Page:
Is that ever true. The more I learn the more dissatisfied I am with my work, because I feel as though can never make a difference in the world with these hands. Great Ideas, for the most part, shape the world.
That is what is said. So far I must defend Plato, as to plead that his view of education and studies is in the general, as it seems to me, sound enough, and fitted for all sorts and conditions of men, whatever their pursuits may be. “An intelligent man,” says Plato, “will prize those studies which result in his soul getting soberness, righteousness, and wisdom, and will less value the others.”
The harmony of the soul, which centers in Plato’s teachings, does call for order, shunning the discord of the vices. Plato’s tripartite soul calls reason to attach itself to the noble and honorable in aid to reign in the unruly passions.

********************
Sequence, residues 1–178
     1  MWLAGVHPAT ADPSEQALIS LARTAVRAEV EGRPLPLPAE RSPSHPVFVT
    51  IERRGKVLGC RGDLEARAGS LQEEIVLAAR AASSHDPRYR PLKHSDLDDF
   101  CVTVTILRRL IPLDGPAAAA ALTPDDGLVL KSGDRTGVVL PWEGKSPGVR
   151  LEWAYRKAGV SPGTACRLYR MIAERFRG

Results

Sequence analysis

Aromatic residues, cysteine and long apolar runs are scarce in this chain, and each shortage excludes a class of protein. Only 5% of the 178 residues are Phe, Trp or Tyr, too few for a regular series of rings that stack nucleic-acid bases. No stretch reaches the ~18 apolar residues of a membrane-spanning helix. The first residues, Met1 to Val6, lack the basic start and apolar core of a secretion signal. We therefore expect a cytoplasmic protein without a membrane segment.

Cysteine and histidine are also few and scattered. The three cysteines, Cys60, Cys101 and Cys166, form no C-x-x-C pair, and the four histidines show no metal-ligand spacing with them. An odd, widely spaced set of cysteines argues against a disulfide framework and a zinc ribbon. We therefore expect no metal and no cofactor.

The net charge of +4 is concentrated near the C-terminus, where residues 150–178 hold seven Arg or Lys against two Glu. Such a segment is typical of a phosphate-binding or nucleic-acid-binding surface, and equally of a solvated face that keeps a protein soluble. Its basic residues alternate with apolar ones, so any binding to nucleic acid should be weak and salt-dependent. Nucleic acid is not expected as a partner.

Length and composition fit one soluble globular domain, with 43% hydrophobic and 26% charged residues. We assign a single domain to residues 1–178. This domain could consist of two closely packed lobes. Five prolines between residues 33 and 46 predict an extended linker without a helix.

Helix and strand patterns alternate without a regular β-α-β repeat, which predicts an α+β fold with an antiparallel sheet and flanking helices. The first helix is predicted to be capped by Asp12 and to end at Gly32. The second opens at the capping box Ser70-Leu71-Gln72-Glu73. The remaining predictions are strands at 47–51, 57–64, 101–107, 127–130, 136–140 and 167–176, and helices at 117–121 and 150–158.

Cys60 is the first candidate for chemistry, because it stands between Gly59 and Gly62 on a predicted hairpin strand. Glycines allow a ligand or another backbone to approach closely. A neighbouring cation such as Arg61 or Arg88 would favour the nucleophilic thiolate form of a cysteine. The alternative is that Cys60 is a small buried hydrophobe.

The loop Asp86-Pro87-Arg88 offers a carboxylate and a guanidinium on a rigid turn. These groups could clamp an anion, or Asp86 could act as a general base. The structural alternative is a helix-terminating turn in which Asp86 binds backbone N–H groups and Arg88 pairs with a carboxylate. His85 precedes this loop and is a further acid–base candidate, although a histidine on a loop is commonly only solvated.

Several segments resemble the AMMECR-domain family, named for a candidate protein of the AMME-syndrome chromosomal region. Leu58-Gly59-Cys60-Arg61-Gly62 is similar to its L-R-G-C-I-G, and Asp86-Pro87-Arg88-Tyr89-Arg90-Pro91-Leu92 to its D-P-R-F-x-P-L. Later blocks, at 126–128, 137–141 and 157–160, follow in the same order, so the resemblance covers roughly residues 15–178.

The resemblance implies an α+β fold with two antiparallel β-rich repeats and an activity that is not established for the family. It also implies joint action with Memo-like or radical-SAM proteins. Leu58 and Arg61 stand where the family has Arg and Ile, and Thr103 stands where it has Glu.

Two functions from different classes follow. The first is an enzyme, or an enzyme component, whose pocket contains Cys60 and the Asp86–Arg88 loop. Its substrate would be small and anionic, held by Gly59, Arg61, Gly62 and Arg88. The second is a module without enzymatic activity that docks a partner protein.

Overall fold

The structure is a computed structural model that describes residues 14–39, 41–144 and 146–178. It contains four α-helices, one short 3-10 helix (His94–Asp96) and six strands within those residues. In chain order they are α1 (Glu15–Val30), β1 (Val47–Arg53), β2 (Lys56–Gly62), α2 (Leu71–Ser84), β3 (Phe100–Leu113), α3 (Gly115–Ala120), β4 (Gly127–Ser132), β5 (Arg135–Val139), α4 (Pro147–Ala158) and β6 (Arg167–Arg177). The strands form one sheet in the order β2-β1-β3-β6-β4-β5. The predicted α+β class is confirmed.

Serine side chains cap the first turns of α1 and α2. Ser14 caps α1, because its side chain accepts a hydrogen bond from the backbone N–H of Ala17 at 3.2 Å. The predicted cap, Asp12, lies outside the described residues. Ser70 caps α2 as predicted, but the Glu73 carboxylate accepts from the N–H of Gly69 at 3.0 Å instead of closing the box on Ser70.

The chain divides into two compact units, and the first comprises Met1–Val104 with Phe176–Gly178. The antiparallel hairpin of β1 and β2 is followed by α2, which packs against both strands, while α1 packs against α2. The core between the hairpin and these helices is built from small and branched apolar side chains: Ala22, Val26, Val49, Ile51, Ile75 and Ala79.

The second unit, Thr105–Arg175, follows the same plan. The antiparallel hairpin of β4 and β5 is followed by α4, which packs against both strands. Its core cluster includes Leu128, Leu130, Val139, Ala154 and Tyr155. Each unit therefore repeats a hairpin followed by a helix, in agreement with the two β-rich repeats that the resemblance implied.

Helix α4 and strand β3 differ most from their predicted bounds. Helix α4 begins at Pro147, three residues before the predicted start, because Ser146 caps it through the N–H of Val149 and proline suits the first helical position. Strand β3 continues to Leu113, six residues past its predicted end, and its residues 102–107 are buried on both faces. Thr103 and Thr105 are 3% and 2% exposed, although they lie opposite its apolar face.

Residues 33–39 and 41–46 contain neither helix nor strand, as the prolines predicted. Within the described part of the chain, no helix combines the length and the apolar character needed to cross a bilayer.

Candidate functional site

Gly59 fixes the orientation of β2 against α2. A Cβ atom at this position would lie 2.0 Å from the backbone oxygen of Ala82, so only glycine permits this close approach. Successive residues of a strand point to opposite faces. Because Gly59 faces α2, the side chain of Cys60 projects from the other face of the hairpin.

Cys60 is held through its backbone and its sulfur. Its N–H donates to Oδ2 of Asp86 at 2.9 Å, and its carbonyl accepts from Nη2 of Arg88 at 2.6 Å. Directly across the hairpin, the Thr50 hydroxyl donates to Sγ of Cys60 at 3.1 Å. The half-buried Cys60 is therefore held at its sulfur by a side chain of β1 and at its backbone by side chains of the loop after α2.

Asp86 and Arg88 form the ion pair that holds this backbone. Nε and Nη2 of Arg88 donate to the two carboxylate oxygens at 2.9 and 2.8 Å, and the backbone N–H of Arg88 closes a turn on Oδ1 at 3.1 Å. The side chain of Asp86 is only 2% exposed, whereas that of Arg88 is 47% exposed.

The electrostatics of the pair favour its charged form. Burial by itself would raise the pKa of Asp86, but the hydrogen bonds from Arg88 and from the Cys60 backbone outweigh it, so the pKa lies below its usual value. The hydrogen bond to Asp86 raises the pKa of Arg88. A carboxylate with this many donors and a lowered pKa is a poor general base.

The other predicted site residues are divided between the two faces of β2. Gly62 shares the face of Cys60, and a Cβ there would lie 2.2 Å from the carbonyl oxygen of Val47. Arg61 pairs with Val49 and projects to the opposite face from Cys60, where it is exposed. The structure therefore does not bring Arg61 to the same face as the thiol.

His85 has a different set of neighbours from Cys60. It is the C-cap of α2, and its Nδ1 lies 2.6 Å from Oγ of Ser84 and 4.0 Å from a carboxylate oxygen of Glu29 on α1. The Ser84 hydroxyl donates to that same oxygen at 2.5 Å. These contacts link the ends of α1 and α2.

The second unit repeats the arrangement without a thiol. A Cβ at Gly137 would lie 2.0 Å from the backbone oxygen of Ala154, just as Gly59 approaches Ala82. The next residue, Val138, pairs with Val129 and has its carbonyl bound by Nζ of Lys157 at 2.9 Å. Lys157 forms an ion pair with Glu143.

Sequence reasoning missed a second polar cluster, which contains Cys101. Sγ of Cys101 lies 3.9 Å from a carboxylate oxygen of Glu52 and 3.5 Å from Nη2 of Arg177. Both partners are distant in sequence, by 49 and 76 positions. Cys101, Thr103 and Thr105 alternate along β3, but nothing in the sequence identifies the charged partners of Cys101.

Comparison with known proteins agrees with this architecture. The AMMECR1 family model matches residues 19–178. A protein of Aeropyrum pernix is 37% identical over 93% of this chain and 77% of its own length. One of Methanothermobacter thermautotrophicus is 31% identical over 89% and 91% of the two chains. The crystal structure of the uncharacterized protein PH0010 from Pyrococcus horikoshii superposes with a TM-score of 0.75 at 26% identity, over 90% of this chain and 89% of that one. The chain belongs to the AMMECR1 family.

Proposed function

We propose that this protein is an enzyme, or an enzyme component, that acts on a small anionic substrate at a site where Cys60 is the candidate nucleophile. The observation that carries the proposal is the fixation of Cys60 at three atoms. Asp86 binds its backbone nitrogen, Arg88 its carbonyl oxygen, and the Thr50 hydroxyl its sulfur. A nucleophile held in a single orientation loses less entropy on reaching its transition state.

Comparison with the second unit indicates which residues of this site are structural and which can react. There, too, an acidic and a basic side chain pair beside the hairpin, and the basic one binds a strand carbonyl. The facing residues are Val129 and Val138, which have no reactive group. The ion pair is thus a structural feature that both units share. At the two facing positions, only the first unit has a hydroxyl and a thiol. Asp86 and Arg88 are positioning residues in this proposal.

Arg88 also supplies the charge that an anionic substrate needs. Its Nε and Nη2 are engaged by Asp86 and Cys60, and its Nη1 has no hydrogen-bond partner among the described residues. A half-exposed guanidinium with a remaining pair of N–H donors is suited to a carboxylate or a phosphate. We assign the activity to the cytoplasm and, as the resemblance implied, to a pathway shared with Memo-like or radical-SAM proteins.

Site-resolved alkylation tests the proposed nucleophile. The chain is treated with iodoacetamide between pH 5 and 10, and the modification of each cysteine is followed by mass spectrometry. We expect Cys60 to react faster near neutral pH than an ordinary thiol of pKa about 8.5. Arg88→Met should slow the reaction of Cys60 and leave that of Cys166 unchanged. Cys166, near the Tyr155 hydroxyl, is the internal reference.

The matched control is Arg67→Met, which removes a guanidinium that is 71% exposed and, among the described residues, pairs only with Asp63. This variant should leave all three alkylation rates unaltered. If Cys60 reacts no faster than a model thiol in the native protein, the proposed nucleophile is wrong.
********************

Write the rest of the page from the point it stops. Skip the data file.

Still I admit that Plato’s world was not ours, that his scorn of trade and handicraft is fantastic, that he had no conception of a great industrial community such as that of the United States, and that such a community must and will shape its education to suit its own needs. If the usual education handed down to it from the past does not suit it, it will certainly before long drop this and try another. The usual education in the past has been mainly literary. The question is whether the studies which were long supposed to be the best for all of us are practically the best now, whether others are not better. The tyranny of the past, many think, weighs on us injuriously in the predominance given to letters in education. The question is raised whether, to meet the needs of our modern life, the predominance ought not now to pass from letters to science; and naturally the question is nowhere raised with more energy than here in the United States. The design of abasing what is called “mere literary instruction and education,” and of exalting what is called “sound, extensive, and practical scientific knowledge,” is in this intensely modern world of the United States, even more perhaps than in Europe, a very popular design, and makes great and rapid progress.